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Recent stories posted on this blog emphasize access of mental health care issues faced by many people. In Maine, a recent state budget proposed to eliminate licensed clinical mental health counselors from being able to provide services to folks who are dually-eligible (i.e., who have medicare and medicaid). This was proposed as a cost-saving measure. It has been argued, however, that the proposal would simply shift costs to other providers not targeted by the legislation, as well as diminish access to quality mental health care in a State that is largely rural. After much grouynd work and lobbying, a comprise 5% reduction was proposed - but only for licensed mental health counselors.

When I testified at the State Capital on behalf of mental health counselors and the people who are served, I listened to the Commissioner of the Department of Health and Human Srevices make her case for this and other program cuts. Clearly, the States are facing budget challenges. But in this case, her argument before the committees was basically that licensed clinical counselors are not reimbursable under Medicare and are therefore the most reasonable group to cut. This position has impacted hiring practices in Maine as well as the aspiriations of those who wish to serve as LPC's in our State.

This access to care issue can be remided in Maine and across the country by the passage of the "Seniors Mental Health Access Improvement Act of 2013". This Senate bill, introduced by Senators Wyden and Barrasso, would establish Medicare coverage for both LPC's and Marriage and family counselors. With Medicare enrollent projected to grow in the next 20 years, this bill would significantly impact access to care issues as well as costs related to emergency room visits, chronic conditions, etc. It would also correct the tone on the State level where implementation of local practices is viewed in light of the Medicare guidelines.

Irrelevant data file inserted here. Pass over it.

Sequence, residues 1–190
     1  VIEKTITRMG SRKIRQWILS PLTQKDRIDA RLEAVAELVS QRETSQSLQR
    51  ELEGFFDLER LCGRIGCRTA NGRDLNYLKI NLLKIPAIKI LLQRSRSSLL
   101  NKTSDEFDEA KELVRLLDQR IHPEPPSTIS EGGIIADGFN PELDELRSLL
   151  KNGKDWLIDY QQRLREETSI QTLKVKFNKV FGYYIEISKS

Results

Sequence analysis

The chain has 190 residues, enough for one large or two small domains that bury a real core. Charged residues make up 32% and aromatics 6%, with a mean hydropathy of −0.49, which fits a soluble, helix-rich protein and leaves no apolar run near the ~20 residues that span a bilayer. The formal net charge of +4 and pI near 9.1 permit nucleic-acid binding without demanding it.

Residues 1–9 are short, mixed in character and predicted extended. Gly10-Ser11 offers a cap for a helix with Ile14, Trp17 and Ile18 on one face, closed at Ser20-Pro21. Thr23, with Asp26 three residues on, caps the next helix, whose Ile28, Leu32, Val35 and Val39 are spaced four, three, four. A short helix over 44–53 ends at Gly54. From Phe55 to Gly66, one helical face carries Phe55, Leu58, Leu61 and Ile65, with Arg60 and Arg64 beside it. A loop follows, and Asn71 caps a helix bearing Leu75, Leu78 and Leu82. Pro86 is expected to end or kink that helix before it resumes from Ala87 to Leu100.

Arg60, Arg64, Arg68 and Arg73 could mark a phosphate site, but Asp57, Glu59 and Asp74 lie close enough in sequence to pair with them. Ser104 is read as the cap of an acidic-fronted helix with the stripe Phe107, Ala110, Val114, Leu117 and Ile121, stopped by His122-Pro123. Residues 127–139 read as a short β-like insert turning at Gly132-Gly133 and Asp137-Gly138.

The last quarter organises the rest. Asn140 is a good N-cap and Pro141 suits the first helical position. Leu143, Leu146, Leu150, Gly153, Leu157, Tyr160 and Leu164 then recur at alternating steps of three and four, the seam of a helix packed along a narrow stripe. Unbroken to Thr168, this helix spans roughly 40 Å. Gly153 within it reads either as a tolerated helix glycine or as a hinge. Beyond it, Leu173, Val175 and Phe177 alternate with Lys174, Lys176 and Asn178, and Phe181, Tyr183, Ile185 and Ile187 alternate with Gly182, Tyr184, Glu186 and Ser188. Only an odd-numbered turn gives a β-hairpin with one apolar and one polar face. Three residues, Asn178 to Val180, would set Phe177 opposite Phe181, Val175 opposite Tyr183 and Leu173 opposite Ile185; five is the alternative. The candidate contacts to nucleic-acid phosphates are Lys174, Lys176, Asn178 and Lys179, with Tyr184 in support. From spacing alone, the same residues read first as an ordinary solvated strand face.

This Senate bill needs co-sponsorship. Companion House legislation needs to be introduced. In Maine, members of the Maine Counseling Association (ACA Branch), and the Maine Mental Health Counselor Association (AMCHA State Branch) have been working to influence our Senators and Representatives. Recently, we are happy that Senator Susan Collins has signed on as a co-sponsor to this bill on the national level. On the State level, a ground-swell of activism from many places (professional, providers, consumer council representatives, university personnel and students, and concerned citizens!) has made an impact on many of our State representatives and Senators.